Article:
Even as I called her name, I knew something horrible had happened.
The lights were on in the kitchen, yet soft yellow sunlight filled the room like a poisonous vapor. From the basement came the sound of the washing machine's incessant beeping, and my heart immediately accelerated to match its rhythm. I looked down at dark red footprints that became a long bloody smear leading across the pinewood floor and into the living room.
There she was with her back to me. She was propped up on the soft brown leather easy chair - the one we used to fight over - and for a fraction of a second, I thought she was just watching the idiotic shopping channel like usual and everything was okay again. I rushed towards her, and my arm hit the chair. It swung around 180 degrees.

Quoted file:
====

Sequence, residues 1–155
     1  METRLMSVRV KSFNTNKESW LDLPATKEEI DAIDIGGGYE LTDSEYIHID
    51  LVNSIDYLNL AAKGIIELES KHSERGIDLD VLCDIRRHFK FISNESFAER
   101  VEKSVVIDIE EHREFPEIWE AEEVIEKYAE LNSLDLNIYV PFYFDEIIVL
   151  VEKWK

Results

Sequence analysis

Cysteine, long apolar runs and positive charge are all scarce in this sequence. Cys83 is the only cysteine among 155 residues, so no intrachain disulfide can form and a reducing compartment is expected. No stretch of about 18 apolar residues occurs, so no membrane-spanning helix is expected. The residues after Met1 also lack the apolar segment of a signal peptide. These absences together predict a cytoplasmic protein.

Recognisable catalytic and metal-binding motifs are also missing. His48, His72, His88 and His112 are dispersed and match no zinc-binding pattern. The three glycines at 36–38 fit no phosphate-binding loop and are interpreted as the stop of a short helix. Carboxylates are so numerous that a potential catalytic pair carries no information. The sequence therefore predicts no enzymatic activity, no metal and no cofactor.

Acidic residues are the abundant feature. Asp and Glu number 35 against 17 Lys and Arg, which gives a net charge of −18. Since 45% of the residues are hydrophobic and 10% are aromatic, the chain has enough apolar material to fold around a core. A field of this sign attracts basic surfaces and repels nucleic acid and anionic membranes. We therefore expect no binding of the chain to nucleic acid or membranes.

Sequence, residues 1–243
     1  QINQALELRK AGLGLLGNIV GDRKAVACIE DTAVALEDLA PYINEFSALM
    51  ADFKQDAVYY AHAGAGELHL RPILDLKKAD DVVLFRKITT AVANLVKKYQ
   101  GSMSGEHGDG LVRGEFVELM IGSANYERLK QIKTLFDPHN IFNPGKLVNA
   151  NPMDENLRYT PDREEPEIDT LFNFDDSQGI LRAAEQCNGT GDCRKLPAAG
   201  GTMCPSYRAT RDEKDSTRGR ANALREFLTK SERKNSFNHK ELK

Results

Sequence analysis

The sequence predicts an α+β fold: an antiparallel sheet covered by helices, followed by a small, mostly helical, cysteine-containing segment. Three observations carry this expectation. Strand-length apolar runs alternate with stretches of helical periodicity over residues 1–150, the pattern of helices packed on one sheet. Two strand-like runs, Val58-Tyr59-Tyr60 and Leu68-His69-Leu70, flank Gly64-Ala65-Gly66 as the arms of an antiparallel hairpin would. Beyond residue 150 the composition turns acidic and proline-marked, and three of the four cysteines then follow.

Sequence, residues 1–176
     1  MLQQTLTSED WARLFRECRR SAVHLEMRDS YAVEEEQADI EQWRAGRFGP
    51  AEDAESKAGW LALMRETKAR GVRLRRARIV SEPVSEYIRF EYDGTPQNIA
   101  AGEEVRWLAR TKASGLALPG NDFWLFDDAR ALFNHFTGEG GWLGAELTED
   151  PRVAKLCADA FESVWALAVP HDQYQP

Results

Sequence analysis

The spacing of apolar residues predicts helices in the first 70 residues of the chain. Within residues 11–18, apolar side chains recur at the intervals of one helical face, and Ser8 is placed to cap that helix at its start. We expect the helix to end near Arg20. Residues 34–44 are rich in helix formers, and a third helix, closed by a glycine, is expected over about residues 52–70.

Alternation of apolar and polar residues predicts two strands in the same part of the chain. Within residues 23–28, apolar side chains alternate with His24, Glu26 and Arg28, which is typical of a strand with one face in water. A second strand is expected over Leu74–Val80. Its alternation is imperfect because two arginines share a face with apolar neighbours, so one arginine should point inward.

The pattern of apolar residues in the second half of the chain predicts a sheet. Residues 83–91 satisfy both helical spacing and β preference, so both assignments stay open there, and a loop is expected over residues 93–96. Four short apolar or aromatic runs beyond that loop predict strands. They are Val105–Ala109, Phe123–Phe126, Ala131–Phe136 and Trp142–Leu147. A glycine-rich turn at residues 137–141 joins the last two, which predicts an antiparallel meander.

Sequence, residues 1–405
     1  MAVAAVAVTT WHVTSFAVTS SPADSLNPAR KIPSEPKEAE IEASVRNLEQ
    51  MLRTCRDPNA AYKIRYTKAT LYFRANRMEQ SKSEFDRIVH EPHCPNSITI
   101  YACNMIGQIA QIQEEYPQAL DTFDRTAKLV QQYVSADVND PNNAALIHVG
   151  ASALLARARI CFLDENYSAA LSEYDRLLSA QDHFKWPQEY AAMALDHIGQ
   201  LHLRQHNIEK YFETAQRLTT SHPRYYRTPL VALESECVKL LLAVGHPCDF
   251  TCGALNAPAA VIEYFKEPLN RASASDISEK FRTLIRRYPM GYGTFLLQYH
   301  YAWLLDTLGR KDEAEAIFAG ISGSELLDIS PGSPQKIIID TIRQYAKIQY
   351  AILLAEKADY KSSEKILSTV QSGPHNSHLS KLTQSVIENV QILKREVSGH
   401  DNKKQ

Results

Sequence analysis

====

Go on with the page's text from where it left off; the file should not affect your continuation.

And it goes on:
She stared at me. It didn't seem like her though. Her eyes were blank, and her skin was yellow. She looked like a mannequin. That is, except for the gash across her neck and the congealed blood on her throat and breasts. The last time I saw her, we had fought, but I couldn't think about that now.
I crouched down. I couldn't breath. My chest hurt. I couldn't think. My phone. I needed my phone. I needed to call someone. Who? The police. That was all I could think. I couldn't think about the fact that she was really dead. I couldn't think about how it had happened. For now, I just needed to hold on to my shock and terror. I needed to make the call while it was still possible for me to pretend that it was not I who had slit Martha's throat.